US v. Asael Gomez-Jimenez


UNPUBLISHED PER CURIAM OPINION filed. Originating case number: 5:12-cr-00274-D-2 and 5:12-cr-00274-D-1. Copies to all parties and the district court. [999667847]. [14-4572, 14-4696]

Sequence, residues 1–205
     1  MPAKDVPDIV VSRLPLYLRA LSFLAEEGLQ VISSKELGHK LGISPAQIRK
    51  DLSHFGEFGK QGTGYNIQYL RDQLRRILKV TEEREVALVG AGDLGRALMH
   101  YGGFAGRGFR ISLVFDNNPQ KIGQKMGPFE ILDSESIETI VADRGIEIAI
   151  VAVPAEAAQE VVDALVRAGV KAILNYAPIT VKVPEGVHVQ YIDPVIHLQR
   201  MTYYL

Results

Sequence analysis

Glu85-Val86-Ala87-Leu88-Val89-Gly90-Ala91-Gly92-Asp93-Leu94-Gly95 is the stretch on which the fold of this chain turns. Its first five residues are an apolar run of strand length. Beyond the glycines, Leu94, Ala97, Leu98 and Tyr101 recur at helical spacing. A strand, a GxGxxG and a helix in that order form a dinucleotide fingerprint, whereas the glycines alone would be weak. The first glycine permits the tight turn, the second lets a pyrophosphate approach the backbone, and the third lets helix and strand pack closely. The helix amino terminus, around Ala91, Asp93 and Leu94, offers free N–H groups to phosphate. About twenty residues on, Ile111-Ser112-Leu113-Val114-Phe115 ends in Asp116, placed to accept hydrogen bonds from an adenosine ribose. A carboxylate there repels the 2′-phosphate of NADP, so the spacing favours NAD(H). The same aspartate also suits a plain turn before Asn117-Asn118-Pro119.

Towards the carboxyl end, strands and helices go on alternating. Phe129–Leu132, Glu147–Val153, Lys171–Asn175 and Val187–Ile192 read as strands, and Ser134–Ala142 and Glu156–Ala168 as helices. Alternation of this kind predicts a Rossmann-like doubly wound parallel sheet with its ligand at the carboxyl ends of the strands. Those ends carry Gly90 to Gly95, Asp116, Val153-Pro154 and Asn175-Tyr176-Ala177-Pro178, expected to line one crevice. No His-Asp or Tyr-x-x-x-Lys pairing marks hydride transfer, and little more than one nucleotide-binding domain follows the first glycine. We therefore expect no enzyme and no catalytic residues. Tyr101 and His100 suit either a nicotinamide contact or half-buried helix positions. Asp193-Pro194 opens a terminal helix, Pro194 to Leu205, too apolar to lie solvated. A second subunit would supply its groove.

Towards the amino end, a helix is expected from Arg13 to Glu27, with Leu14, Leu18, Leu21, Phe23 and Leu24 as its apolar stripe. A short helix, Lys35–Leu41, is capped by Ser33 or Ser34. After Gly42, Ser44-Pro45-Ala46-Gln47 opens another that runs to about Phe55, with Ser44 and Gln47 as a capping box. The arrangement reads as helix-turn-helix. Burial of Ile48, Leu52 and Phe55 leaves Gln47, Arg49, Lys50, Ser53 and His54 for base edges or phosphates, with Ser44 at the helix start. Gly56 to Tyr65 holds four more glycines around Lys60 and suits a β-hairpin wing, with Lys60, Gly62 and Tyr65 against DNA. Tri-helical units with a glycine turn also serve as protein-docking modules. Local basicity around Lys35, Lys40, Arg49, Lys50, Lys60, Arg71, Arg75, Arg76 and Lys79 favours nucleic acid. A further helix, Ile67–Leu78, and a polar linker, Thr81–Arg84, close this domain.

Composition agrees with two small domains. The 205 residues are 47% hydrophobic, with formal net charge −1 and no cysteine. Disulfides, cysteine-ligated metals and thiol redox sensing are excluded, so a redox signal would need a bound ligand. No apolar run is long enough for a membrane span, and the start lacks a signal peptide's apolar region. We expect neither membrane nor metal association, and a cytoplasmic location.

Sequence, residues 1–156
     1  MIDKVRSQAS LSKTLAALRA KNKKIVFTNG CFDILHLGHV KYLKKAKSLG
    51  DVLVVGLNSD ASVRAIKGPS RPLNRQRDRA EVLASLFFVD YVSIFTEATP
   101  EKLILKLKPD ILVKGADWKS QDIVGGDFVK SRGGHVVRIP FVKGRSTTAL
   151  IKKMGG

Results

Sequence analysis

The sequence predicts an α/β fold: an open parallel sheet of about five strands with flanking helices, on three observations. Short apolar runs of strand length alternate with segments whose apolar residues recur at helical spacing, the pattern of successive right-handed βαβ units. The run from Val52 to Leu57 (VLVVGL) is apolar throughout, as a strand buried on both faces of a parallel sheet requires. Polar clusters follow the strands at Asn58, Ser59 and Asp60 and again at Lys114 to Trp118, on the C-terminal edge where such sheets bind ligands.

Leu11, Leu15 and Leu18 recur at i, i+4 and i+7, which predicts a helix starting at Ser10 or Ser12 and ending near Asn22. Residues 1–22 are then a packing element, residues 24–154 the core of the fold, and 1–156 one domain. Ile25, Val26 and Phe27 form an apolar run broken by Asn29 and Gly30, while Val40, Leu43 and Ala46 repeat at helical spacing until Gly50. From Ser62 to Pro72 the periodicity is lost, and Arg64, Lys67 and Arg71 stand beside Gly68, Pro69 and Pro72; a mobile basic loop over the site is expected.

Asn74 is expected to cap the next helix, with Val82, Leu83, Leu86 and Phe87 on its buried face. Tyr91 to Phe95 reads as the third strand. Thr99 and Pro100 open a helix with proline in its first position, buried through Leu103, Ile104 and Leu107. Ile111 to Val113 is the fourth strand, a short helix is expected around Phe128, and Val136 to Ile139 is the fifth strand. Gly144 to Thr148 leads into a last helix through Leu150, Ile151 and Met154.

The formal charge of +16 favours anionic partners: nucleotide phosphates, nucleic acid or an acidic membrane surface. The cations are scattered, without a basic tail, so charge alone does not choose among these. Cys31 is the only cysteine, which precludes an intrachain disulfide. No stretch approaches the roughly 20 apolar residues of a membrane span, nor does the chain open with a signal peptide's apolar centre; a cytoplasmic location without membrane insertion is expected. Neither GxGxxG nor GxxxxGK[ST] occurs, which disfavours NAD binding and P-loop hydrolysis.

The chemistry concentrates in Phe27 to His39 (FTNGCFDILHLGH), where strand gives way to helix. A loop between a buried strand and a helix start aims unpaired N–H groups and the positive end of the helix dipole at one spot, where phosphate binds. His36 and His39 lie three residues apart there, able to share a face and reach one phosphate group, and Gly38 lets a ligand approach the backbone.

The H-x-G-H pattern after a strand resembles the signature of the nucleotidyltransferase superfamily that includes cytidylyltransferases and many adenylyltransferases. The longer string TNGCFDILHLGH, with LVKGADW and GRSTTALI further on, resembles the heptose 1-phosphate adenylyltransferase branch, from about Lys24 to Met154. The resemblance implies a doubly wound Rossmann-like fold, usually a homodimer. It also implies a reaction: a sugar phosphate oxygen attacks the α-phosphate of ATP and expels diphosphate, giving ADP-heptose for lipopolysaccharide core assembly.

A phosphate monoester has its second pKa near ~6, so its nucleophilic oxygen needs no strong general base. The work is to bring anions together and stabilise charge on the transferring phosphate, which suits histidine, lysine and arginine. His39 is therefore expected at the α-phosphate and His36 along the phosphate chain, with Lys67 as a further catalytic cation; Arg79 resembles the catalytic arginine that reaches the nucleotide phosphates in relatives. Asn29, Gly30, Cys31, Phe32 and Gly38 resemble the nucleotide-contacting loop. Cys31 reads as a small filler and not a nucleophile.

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Appeal: 14-4572 Doc: 57 Filed: 09/29/2015 Pg: 1 of 11 UNPUBLISHED UNITED STATES COURT OF APPEALS FOR THE FOURTH CIRCUIT No. 14-4572 UNITED STATES OF AMERICA, Plaintiff - Appellee, v. ASAEL GOMEZ-JIMENEZ, a/k/a Luis Aguilar-Sierra, Defendant - Appellant. No. 14-4696 UNITED STATES OF AMERICA, Plaintiff - Appellee, v. ANTHONY WAYNE WIGGINS, Defendant - Appellant. Appeals from the United States District Court for the Eastern District of North Carolina, at Raleigh. James C. Dever, III, Chief District Judge. (5:12-cr-00274-D-2; 5:12-cr-00274-D-1) Submitted: August 20, 2015 Decided: September 29, 2015 Before GREGORY and HARRIS, Circuit Judges, and DAVIS, Senior Circuit Judge. Appeal: 14-4572 Doc: 57 Filed: 09/29/2015 Pg: 2 of 11 Affirmed by unpublished per curiam opinion. Sean P. Vitrano, VITRANO LAW OFFICES, PLLC, Wake Forest, North Carolina; Seth A. Neyhart, STARK LAW GROUP, PLLC, Chapel Hill, North Carolina, for Appellants. Thomas G. Walker, United States Attorney, Jennifer P. May-Parker, Phillip A. Rubin, Assistant United States Attorneys, Raleigh, North Carolina, for Appellee. Unpublished opinions are not binding precedent in this circuit. 2 Appeal: 14-4572 Doc: 57 Filed: 09/29/2015 Pg: 3 of 11 PER CURIAM: Asael Gomez-Jimenez appeals his 324-month sentence pursuant to a guilty plea to possession with intent to distribute cocaine (Count 8) and eluding examination and inspection by immigration officers (Count 10), and a jury verdict for conspiracy to distribute and possess with intent to distribute 5 kilograms or more of cocaine (Count 1) and distribution of cocaine (Count 5). His co-conspirator, convictions and Anthony resulting Wiggins, life appeals sentence for his conspiracy jury to distribute and possess with intent to distribute 5 kilograms or more of cocaine (Count 1), possession with intent to distribute 28 grams or more of cocaine base (Count 6), and possession of a firearm by a convicted felon (Count 7). challenge their respective sentences On appeal, they both as procedurally substantively unreasonable. Wiggins additionally the court denying his district erred in Their appeals have been consolidated. motion argues to and that suppress. We affirm. We first address Wiggins’ appeal of the district court’s denial of his motion to suppress. We review factual findings underlying a district court’s denial of a motion to suppress for clear error and legal conclusions de novo. Hill, 776 evidence F.3d in the 243, 247 light party prevailing below. (4th most Cir. 2015). favorable to the United States v. We construe the Government, the United States v. Farrior, 535 F.3d 210, 3 Appeal: 14-4572 Doc: 57 Filed: 09/29/2015 217 (4th Cir. 2008). Pg: 4 of 11 The Government bears the burden of proof in justifying a warrantless search or seizure. United States v. Watson, 703 F.3d 684, 689 (4th Cir. 2013). The Fourth Amendment does not prohibit all searches and seizures, merely those found to be unreasonable. Jimeno, 500 U.S. 248, 250 (1991). Florida v. A warrantless search “is per se unreasonable subject only to a few specifically established and well-delineated exceptions,” one of which is “a search that is conducted pursuant to consent.” Schneckloth v. Bustamonte, 412 U.S. 218, 219 (1973) (internal quotation marks, alterations and citations omitted). of the property, or Such consent may be given by the owner by a third-party possessing “common authority over or other sufficient relationship to the premises or effects” to be searched. 164, 171 (1974). mutual use of and United States v. Matlock, 415 U.S. Common authority is based upon the parties’ access to the property, such that it is reasonable to recognize that each party “has the right to permit the inspection in his own right and that the others have assumed the risk that one of their number might permit the common area to be searched.” consenting party Id. does at not 171 n.7. have Moreover, common even authority if the over the property sought to be searched, a search will still be upheld where an officer reasonably believes in the existence of such authority. See Illinois v. Rodriguez, 497 U.S. 177, 186 (1990). 4 Appeal: 14-4572 Doc: 57 Filed: 09/29/2015 Pg: 5 of 11 Having reviewed the record with the parties’ arguments in mind, we conclude that the court did not err in concluding that the officers reasonably believed that Wiggins’ girlfriend had authority to consent to a search of the residence, even if she lacked actual authority. Accordingly, we affirm the denial of Wiggins’ motion to suppress. We review the reasonableness of Wiggins’ Jimenez’s sentences for abuse of discretion. procedural error, such as improper Gomez- United States v. Howard, 773 F.3d 519, 527-28 (4th Cir. 2014). for and We first review calculation of the Guidelines range, failure to consider the 18 U.S.C. § 3553(a) (2012) sentencing factors, selecting a sentence based on clearly erroneous facts, or failure to adequately explain the sentence. Howard, 773 F.3d at examine substantive 528. Absent reasonableness totality of the circumstances. properly calculated Guidelines Id. any of procedural the sentence error, we under the Sentences within or below a range are presumed reasonable, and this presumption “can only be rebutted by showing that the sentence is unreasonable when measured against the 18 U.S.C. § 3553(a) factors.” United States v. Louthian, 756 F.3d 295, 306 (4th Cir.), cert. denied, 135 S. Ct. 421 (2014). Because statutory of Wiggins’ mandatory imprisonment. prior minimum felony sentence on drug Count offenses, 1 was his life Citing Wiggins’ “long criminal history” and “lack 5 Appeal: 14-4572 Doc: 57 Filed: 09/29/2015 Pg: 6 of 11 of respect for the law,” the district sentenced Wiggins to life imprisonment on Counts 1 and 6, and 120 months on Count 7. Relying (2013), on Wiggins Alleyne argues v. United that the States, district 133 S. court Ct. 2151 violated his Fifth and Sixth Amendment rights by enhancing his sentence on the basis of prior convictions that were neither alleged in the indictment nor proven beyond a reasonable doubt. Contrary to Wiggins’ assertions, there was no error, plain or otherwise, in the district court’s imposition of the enhanced penalty. United States v. Higgs, 353 F.3d 281, 324 (4th Cir. See 2003) (reviewing for plain error a constitutional claim raised for the first time on appeal). In Alleyne, the Supreme Court held that the Sixth Amendment requires a jury to find beyond a reasonable doubt any facts that increase a defendant’s mandatory minimum sentence. S. Ct. at 2163-64. Alleyne, 133 The Alleyne Court recognized, and expressly declined to reconsider, however, a narrow exception that allows a judge to find that a defendant’s prior conviction occurred. Id. at 2160 n.1 (citing Almendarez-Torres v. United States, 523 U.S. 224 (1998)). “Almendarez-Torres remains good law, and [this court] may not disregard it unless and until the Supreme Court holds to the contrary.” United States v. McDowell, 745 F.3d 115, 124 (4th Cir. 2014), cert. denied, 135 S. Ct. 942 (2015). Accordingly, this argument is unavailing. 6 Appeal: 14-4572 Doc: 57 Filed: 09/29/2015 Pg: 7 of 11 Wiggins also asserts that the district court miscalculated his Guidelines range on Count 6. According to Wiggins, his Guidelines range was 235 to 293 months. Because Wiggins failed to object below, this claim too is reviewed for plain error. See United States v. Olano, 507 U.S. 725, 731-32 (1993) (stating standard for plain error review). Contrary to Wiggins’ assertions, the probation officer correctly grouped the three counts for Guidelines Sentencing range was Guidelines life purposes. imprisonment The because, resulting even though Wiggins’ offense level and criminal history category generated a range of 235 to 293 months, the statutory mandatory minimum sentence on Count 1, life imprisonment, was greater than the maximum of the applicable Guidelines range. See U.S. Sentencing Guidelines Manual § 5G1.2(b) (2013). Wiggins also suggests that the district court cut short his right to allocute at sentencing. A defendant has a due process right to address the court if he expresses a desire to do so. Green v. United States, 365 U.S. 301, 304 (1961); Ashe v. North Carolina, 586 F.2d 334, 336 (4th Cir. 1978); Fed. R. Crim. P. 32(i)(4)(ii) (right to allocution in federal cases). Allocution is the right to present a statement in mitigation of sentencing. United States v. Carter, 355 F.3d 920, 926 (6th Cir. 2004); Fed. R. Crim. P. 32(i)(4)(ii). However, that right is not unlimited. Ashe, 586 F.2d at 336-37. Allocution “may be limited both as to 7 Appeal: 14-4572 Doc: 57 Filed: 09/29/2015 duration and as to content. more than a reasonable Pg: 8 of 11 [The defendant] need be given no time; irrelevancies or repetitions.” he need not be heard on Id. at 337. Here, Wiggins was given an opportunity to speak prior to the imposition of his sentence. However, when it became apparent that Wiggins wished to argue the issue of guilt or innocence, rather than in mitigation of his sentence, the court intervened. Even so, the court permitted Wiggins to continue again with his allocution. Having reviewed the transcript, we conclude that Wiggins was not denied the right to allocute. Last, Wiggins challenges the substantive reasonableness of his sentence, primarily arguing that a life sentence was greater than necessary. However, a statutorily mandated sentence, which Wiggins received, is per se reasonable. 224. Farrior, 535 F.3d at In light of the above, we affirm Wiggins’ convictions and sentence. Gomez-Jimenez was sentenced within his advisory Guidelines range to 324 months’ imprisonment. Defense counsel moved for a variant sentence of 180 months based on Gomez-Jimenez’s lack of criminal history, his newly acquired faith in prison, advanced age upon release, responsibilities. impending deportation, and family The Government sought a sentence at the top of the Guidelines range. 8 Appeal: 14-4572 Doc: 57 Filed: 09/29/2015 Pg: 9 of 11 In rendering a sentence, the district court stated that it had considered all of the parties’ arguments, the advisory Guidelines range, and the various § 3553(a) factors. Noting Gomez-Jimenez played a “critical role” in the organization and that he was “committed to being a drug dealer,” the court stressed that “specific deterrence and general deterrence are critical here in light of the serious nature of the conduct, the entire record, [and that Gomez-Jimenez] deserve[s] a very serious punishment.” Gomez-Jimenez first argues that the district court failed to explain why it rejected his non-frivolous arguments for a lesser sentence, unreasonable. thus rendering his sentence procedurally The district court stated that it had considered the arguments proffered on Gomez-Jimenez’s behalf for a lesser sentence. The court noted, however, that Gomez-Jimenez was involved in very serious drug offenses, and that he chose to continue his drug activities even after his brothers pled guilty to drug offenses. Although the court observed that Gomez- Jimenez may have done “a little honest work,” it noted that he “certainly spent the bulk of [his] time as a drug dealer.” The court further stated that his possible religious conversion in prison was not mitigating. The court also explained that it did not proposed find Gomez-Jimenez’s downward variance to 180 months-or a sentence at the bottom of the Guidelines range-to be 9 Appeal: 14-4572 Doc: 57 Filed: 09/29/2015 “remotely appropriate.” sufficiently Pg: 10 of 11 We conclude that the district court explained why it did not find that Gomez-Jimenez’s his arguments in mitigation compelling. Gomez-Jimenez also contends sentence was substantively unreasonable, arguing that his lack of criminal history and sentence. his low risk of recidivism warranted a lesser In a related argument, he maintains that the district court gave too much weight to general deterrence, making his sentence greater burden The than necessary rests with presumption of sentence unreasonable is factors.” to the reasonableness when punish and defendant by deter to rebut the demonstrating “that the measured against the § 3553(a) United States v. Montes-Pineda, 445 F.3d 375, 379 (4th Cir. 2006) (internal quotation marks omitted). Jimenez’s him. case, the district court thoroughly In Gomez- considered his circumstances and history, and found that deterrence mandated the chosen sentence. The court’s explanation for its chosen sentence was thorough and well-reasoned. Simply stated, the court of crimes implicitly and organization his found that critical outweighed his the severity role lack in the of Gomez-Jimenez’s drug-trafficking prior convictions. Furthermore, Gomez-Jimenez’s assertion that he had a low risk of recidivism was undermined by his continuing involvement in the drug trade even after his family 10 members received lengthy Appeal: 14-4572 Doc: 57 sentences. presumption Filed: 09/29/2015 Gomez-Jimenez of Pg: 11 of 11 has reasonableness simply accorded failed his to rebut the within-Guidelines sentence. Accordingly, we affirm the criminal judgments. We dispense with oral argument because the facts and legal contentions are adequately presented in the materials before this court and argument would not aid the decisional process. AFFIRMED 11